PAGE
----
The exploration process of big oil companies often leads to severe environmental catastrophes. In Ecuador, the Amazonian region suffered significant environmental damage, due to the North American Texaco’s presence in the area between 1964 and 1990. The inhabitants also suffered because of the badly destroyed environment, and the marks of the destruction are still visible now, several decades later. The Ecuadorian government is now fighting its case, namely, to convince Chevron, which bought up Texaco, to accept its responsibility and pay for the damage they caused.
Texaco started exploration in the Amazonian Lago Agrio oilfield in 1964. In the exploration agreement signed with the Ecuadorian state oil company, Texaco promised safe treatment of the resulting toxic residues. At that time, there existed a trademark technology Texaco applied in US exploration fields; however, it has never been used in Ecuador. For example, water containing toxic compounds, which came to the surface along with the crude oil, wasn’t injected back, but led through pipes to the surrounding rivers. Waste containers weren’t properly lined, and the harmful gases were burned.
Texaco finished its activity in Amazonia in 1990, and they left the South American country. The exploration sites were given to the Ecuadorian state oil company. In 1995, Texaco cleaned the area according to the agreement signed with the Ecuadorian government. This cleaning, though, was very superficial: the waste containers were covered, but toxic materials kept seeping in the soil and they polluted waters. In 1998, the parties signed a final settlement agreement, based upon which the US oil company was released from the trial started by the Ecuadorian government. In 2001, Texaco was bought out by Chevron, another US oil company.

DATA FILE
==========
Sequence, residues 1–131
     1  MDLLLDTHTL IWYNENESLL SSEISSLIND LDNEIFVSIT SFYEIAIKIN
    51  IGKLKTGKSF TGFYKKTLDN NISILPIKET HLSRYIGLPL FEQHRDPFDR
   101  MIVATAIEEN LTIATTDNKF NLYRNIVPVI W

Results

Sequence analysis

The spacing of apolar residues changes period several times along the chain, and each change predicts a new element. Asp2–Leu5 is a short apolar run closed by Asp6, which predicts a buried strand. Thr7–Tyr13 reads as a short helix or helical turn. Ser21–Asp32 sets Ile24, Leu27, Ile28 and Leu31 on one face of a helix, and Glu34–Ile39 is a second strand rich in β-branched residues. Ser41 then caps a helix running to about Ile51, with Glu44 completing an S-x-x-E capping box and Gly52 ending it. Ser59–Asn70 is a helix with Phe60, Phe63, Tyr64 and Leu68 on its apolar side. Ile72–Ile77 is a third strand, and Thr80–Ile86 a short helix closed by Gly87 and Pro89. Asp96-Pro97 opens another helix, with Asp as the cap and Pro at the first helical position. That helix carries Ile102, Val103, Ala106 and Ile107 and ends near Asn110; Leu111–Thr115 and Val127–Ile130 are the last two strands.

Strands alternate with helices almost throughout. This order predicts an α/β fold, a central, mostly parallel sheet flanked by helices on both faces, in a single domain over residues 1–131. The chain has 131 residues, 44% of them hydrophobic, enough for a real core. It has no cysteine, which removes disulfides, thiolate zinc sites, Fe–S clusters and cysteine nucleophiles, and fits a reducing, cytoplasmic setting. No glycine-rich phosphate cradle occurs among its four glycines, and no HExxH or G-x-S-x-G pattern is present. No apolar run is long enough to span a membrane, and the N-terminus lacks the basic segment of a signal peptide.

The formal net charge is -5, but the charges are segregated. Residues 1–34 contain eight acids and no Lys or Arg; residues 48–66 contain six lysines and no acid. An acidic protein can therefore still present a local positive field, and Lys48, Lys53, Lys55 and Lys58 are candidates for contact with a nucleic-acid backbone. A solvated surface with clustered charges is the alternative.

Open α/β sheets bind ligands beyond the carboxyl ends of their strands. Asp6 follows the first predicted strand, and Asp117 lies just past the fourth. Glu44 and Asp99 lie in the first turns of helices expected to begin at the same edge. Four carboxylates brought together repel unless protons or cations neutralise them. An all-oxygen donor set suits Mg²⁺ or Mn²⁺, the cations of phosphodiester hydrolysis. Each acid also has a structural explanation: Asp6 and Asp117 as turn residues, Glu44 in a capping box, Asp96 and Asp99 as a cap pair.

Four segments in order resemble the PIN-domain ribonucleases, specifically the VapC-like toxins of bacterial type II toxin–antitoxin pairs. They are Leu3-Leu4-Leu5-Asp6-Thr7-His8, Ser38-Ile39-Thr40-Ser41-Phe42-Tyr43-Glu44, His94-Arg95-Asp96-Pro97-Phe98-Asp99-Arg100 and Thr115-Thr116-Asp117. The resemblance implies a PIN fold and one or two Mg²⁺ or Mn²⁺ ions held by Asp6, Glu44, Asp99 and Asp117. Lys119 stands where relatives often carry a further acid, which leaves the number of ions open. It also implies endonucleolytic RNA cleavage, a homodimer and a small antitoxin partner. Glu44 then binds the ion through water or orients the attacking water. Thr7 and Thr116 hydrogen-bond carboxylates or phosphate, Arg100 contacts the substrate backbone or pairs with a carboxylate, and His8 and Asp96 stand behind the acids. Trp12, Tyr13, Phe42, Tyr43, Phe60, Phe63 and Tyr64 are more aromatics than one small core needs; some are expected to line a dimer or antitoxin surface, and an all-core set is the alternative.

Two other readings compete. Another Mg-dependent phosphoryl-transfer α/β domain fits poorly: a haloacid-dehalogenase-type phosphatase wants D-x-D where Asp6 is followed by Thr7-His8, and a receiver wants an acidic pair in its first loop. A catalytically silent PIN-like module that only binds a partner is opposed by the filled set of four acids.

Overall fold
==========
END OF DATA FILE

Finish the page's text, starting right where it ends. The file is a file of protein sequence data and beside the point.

In 1993-ban a local representative organization sued Texaco. The legal process started in a US court, but Texaco wanted the trial to take place in Ecuador. They argued that the Ecuadorian legal system is honest and transparent. The US court approved this request, and the case went to the Lago Agrio courthouse in 2002. The judgment, issued in 2011, ordered Chevron to pay a 9, 6 billion dollar compensation, and they were to apologize publicly. Because the apology was never made, the sum of the compensation was raised to 19 billion dollars.
Chevron doesn’t accept responsibility
Chevron appealed against the judgment they labeled as ‘illegitimate’. The reason given was that in the 1998 agreement Texaco solved the problem, and performed the compulsory restoration work. For the rest of the damages the Ecuador oil company is responsible. The company reasoned that Texaco cooperated with the Ecuador oil company within a consortium, in which it was the minor owner. After depleting the oil in the area, Texaco transferred its shares to Petro Ecuador; therefore, neither Texaco nor Chevron has a responsibility for activities that have occurred since 1992. According to Chevron, the plaintiff’s lawyers and the judges colluded; the company accused them of cheating during the appeal. The New York Federal Court’s judgment was in favor of the multi-company.